Ethiopia

Ethiopian Prime Minister Abiy Ahmed Links Foreign Food Aid To Diplomatic Pressure

Ethiopian Prime Minister Abiy Ahmed, on Sunday, linked food aid from abroad with diplomatic pressure on the country, reported The BBC.

In a statement reported by state-owned Ethiopia Television (ETV), Abiy said Ethiopia must stop receiving global assistance to avoid the pressure.

“If we make sure that this thing called wheat [food aid] does not enter Ethiopia, 70% of Ethiopia’s problems will be solved,” the Ethiopian prime minister said.

He pointed out that Ethiopia’s problem is wheat aid that comes with diseases and many consequences. He said if the government stops taking the aid, many of the country’s problems will be solved.

The prime minister was speaking during a visit to a wheat farm in the Oromia region.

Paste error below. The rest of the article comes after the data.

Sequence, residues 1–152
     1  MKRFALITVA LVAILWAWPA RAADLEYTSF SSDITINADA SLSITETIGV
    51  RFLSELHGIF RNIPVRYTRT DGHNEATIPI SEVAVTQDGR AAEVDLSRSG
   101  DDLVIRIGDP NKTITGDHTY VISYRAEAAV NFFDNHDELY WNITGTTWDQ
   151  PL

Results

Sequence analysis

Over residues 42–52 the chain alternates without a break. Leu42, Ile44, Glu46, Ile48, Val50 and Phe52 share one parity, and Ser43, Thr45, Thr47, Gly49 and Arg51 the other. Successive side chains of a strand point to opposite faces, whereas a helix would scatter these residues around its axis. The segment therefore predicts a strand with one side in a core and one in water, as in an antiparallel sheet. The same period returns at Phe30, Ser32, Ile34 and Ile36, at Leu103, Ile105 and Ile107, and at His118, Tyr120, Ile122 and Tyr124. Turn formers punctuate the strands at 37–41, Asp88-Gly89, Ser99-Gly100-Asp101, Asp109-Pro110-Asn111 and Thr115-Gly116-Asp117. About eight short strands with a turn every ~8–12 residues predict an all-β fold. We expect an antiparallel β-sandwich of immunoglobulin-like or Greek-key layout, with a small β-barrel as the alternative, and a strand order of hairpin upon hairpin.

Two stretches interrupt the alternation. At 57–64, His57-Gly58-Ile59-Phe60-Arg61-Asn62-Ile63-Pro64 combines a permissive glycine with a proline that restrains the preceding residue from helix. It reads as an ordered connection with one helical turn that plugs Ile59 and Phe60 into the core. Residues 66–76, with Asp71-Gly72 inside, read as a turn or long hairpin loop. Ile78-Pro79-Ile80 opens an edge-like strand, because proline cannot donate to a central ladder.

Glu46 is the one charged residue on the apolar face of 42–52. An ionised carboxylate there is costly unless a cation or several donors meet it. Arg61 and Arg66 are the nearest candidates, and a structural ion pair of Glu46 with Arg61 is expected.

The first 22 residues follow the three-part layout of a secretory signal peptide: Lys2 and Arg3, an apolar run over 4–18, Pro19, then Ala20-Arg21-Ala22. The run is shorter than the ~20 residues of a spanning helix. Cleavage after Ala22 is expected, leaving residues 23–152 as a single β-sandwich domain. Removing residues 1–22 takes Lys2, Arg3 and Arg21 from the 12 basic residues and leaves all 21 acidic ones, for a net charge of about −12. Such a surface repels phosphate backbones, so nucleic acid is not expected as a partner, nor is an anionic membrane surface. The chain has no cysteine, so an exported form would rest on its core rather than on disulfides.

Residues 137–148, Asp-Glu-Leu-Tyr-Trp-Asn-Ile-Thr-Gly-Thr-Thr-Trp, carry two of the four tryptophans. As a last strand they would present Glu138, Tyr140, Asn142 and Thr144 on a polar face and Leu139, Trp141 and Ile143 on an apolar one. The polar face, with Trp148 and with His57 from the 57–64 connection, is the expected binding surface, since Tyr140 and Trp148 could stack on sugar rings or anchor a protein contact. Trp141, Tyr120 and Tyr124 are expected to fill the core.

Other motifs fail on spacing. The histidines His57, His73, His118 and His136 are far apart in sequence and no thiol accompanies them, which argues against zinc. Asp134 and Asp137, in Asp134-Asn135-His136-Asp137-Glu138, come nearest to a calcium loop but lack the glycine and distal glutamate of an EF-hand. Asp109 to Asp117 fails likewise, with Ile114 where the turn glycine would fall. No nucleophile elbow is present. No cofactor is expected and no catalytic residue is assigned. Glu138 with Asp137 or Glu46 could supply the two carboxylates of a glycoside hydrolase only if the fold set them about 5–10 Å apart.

Ethiopia, which is among major aid recipient countries, is facing increasing pressure from some Western governments over the conflict in its northern Tigray region, where millions of people are at the brink of facing starvation.

The war in Tigray started last year in November when Ethiopian Prime Minister Ahmed ordered the army to launch an offensive against the Tigrayan rebels after the government accused rebels of attacking military bases.

 Abiy declared the end of the conflict in late November, but sporadic fighting has continued since then. Fighting, which has dragged for 11 long months, has left thousands dead and 5 million in need of aid.

In June, Tigrayan forces took back control of most of Tigray, forcing the Ethiopian army to withdraw. The forces also invaded the Amhara region in July.

Last week, The Tigray People’s Liberation Front (TPLF) claimed that the Ethiopian national army has launched a ground offensive against them.

In a statement, the Tigray external affairs office said the Ethiopian military troops have launched airstrikes, drone raids, and heavy artillery bombardments in an attempt to reinvade the region.

The latest offensive has ended a ceasefire that the Ethiopian government had declared in June.

Caroline Finnegan

A professionnal journalist for the past ten years, I cover global news and economic affairs for The Chief Observer.

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